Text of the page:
Decline of Coke and Pepsi: Soda is unhealthy and people don’t want it anymore.

Coke and Pepsi Still Struggling to Get Americans to Drink Coke and Pepsi

Coke and Pepsi Still Struggling to Get Americans to Drink Coke and Pepsi

Moneybox
A blog about business and economics.
Feb. 11 2015 2:19 PM

Coke and Pepsi Still Struggling to Get Americans to Drink Coke and Pepsi

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Sugar.

Photo by Justin Sullivan/Getty Images

Pity the company whose most iconic and cherished product also becomes one of its least popular. That's the reality for Coca Cola and PepsiCo, whose customers have grown disillusioned with the sodas they once loved so much. On Tuesday, Coke said its profit in the fourth quarter of 2014 tumbled 55 percent from the previous year on lackluster demand for sugary and diet soft drinks. And on Wednesday morning, Pepsi reported a 24 percent decline in year-over-year earnings for the same period.

That Pepsi’s profit numbers were not so dismal as Coke’s is likely because Pepsi has been bolstered by its Frito-Lay snack division. Over the previous quarter, sales of Frito-Lay products increased 3 percent in North America while carbonated soft drink volume there fell 2 percent. “Frito-Lay, obviously, we did see good performance in the quarter,” Hugh Johnston, PepsiCo’s chief financial officer, said on the company’s earnings call. “We expect continued momentum out of Frito-Lay.” At Coke, volume of sparkling beverages grew only 1 percent in the more recent quarter and for the full year, compared with4 percent full-year growth in still beverages (driven by demand for sports drinks, ready-made tea, and bottled water).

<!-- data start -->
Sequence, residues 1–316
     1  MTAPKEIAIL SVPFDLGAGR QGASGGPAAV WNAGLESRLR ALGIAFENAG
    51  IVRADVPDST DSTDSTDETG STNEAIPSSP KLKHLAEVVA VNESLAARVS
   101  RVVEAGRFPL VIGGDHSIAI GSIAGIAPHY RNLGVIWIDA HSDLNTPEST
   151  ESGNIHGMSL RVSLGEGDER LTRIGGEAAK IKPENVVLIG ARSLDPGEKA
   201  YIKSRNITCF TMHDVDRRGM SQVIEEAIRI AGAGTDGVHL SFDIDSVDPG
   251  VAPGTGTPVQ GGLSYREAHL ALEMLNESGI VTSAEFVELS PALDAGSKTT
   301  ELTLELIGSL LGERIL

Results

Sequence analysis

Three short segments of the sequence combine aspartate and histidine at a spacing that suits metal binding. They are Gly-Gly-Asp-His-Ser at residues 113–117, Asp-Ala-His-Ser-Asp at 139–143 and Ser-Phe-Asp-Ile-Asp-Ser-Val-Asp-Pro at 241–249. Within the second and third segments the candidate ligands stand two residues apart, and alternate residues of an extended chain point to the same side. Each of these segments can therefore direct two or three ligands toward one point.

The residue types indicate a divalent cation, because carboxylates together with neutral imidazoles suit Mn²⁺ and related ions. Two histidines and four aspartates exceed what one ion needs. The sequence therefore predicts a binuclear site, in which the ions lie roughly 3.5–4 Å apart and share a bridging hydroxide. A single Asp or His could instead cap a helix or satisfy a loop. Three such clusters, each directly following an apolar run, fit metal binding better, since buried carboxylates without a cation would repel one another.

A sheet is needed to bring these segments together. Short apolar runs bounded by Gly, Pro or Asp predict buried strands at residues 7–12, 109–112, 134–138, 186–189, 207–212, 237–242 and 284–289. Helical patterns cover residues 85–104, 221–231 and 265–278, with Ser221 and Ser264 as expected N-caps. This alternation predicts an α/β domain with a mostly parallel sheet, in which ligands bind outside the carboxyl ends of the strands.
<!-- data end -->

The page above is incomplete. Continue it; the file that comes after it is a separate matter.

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That we aren’t drinking Coke and Pepsi at the rates we used to isn’t surprising. People are more worried about sugar content and obesity. The U.S. Food and Drug Administration has proposed major changes to nutrition labels. This time last year, an industry analyst told the New York Times that carbonated beverages were “in precipitous decline.” In November, Berkeley, California, became the first city in the country to pass a soda tax.

In many ways, the challenges faced by Coke and Pepsi are not unlike those confronting Campbell Soup Co. Late last month, Campbell’s announced a major reorganization that essentially shifted its focus away from soup. Campbell’s winning products these days are its fresher, healthier options. Its sodium-filled soups are struggling to keep up. In other words, for Campbell’s to stay Campbell’s, it’s learning that it might have to move away from the core products that once really made it Campbell’s. If trends in soft drinks continue the way they’re going, that’s something Coke and Pepsi will have to grapple with, as well.

Alison Griswold is a Slate staff writer covering business and economics.